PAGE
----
It is estimated that at the end of 2003 there were more than 37.8 million persons living with HIV/AIDS worldwide and that over 1 million of these persons resided in the United States. More that 40,000 additional persons become infected with HIV each year. In a special issue of WORK: A Journal of Prevention, Assessment and Rehabilitation, guest editors Brent Braveman and Gary Kielhofner bring together significant articles that explore issues related to employment of persons living with HIV/AIDS.
Persons living with HIV/AIDS, often diagnosed in the first few decades of their lives, may now face decades more of life while managing the illness. Increasingly, the population of persons with HIV/AIDS consists of women, persons of color, and persons who have poor social supports and limited education and financial resources. In addition, many persons with HIV/AIDS may be challenged with mental illness, substance abuse, homelessness and other co-morbid conditions. Not surprisingly, people with HIV/AIDS struggle to overcome significant challenges that affect their abilities to live independently and return to the workforce.
Dr. Karen Jacobs, Editor in Chief of Work, notes, “In appreciation of the efforts of Dr. Braveman and Dr. Kielhofner, WORK is proud to publish this special issue which makes an important contribution to furthering the body of evidence on the challenges of HIV/AIDS in the workforce.”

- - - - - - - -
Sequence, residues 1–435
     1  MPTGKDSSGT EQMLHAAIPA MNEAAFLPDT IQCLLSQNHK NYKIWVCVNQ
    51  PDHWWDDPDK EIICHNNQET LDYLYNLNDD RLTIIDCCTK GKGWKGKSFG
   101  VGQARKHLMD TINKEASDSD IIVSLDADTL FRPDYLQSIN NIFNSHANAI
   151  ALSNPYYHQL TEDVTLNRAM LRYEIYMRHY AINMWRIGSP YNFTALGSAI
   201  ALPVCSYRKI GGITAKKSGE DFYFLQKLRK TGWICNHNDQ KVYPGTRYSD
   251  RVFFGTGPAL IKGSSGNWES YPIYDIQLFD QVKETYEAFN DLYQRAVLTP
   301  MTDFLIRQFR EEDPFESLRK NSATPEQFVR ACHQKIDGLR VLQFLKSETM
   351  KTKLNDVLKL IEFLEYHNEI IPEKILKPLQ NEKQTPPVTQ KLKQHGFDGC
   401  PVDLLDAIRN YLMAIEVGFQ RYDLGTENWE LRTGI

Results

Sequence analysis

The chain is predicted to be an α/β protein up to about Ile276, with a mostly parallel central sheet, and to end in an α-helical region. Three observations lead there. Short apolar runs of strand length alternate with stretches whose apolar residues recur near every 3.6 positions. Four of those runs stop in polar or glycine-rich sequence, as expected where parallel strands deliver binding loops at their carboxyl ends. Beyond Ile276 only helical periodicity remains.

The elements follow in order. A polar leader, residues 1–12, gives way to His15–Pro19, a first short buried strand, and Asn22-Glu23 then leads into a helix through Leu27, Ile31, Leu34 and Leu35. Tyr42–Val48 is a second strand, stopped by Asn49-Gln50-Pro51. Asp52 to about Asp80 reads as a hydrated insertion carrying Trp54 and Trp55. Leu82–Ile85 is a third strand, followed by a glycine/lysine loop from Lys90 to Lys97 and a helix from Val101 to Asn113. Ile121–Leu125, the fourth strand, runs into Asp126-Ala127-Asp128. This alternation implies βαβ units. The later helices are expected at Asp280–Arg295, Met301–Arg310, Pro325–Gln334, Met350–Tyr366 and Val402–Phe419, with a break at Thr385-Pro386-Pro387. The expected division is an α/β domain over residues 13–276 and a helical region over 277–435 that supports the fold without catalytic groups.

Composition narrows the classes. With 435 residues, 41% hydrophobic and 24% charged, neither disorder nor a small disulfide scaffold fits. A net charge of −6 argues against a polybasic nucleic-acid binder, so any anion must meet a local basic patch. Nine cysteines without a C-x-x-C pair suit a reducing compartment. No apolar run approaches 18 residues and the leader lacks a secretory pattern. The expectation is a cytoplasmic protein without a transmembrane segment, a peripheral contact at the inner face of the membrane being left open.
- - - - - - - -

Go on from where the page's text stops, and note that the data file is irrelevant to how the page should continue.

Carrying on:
The papers included in this issue represent a range of topics. A review article attempts to address the major medical, psychological and psychosocial challenges related to living long-term with HIV/AIDS. A second review provides an overview of literature related to the employment needs, challenges and services provided thus far to persons living with HIV/AIDS.
Two articles discuss work and independent living programs in supportive care facilities. Two other contributions explore issues related to the relationship between demographic, health and other variables and the process and outcomes of seeking employment. Two papers explore issues related to the relationship between demographic, health and other variables and the process and outcomes of seeking employment.
Three articles by groups of occupational therapists explore the usefulness of occupational therapy assessments in understanding the experiences and challenges faced by persons living with HIV/AIDS. The editors have also chosen to include an article that focuses on women who have been victims of domestic violence (and are not necessarily living with HIV/AIDS). The authors report results of a two year qualitative study that explored worker role identity development of seven women with disabilities who experienced domestic violence. While this study focused on a different population than the other studies reflected in this issue, the experiences of service providers and the study participants are similar to those of staff and residents in facilities for persons living with HIV/AIDS and therefore we chose to include this article in this special edition. Two final articles present the results of qualitative studies focused on returning to work.
Source: IOS Press
Revision date: June 18, 2011
Last revised: by Andrew G. Epstein, M.D.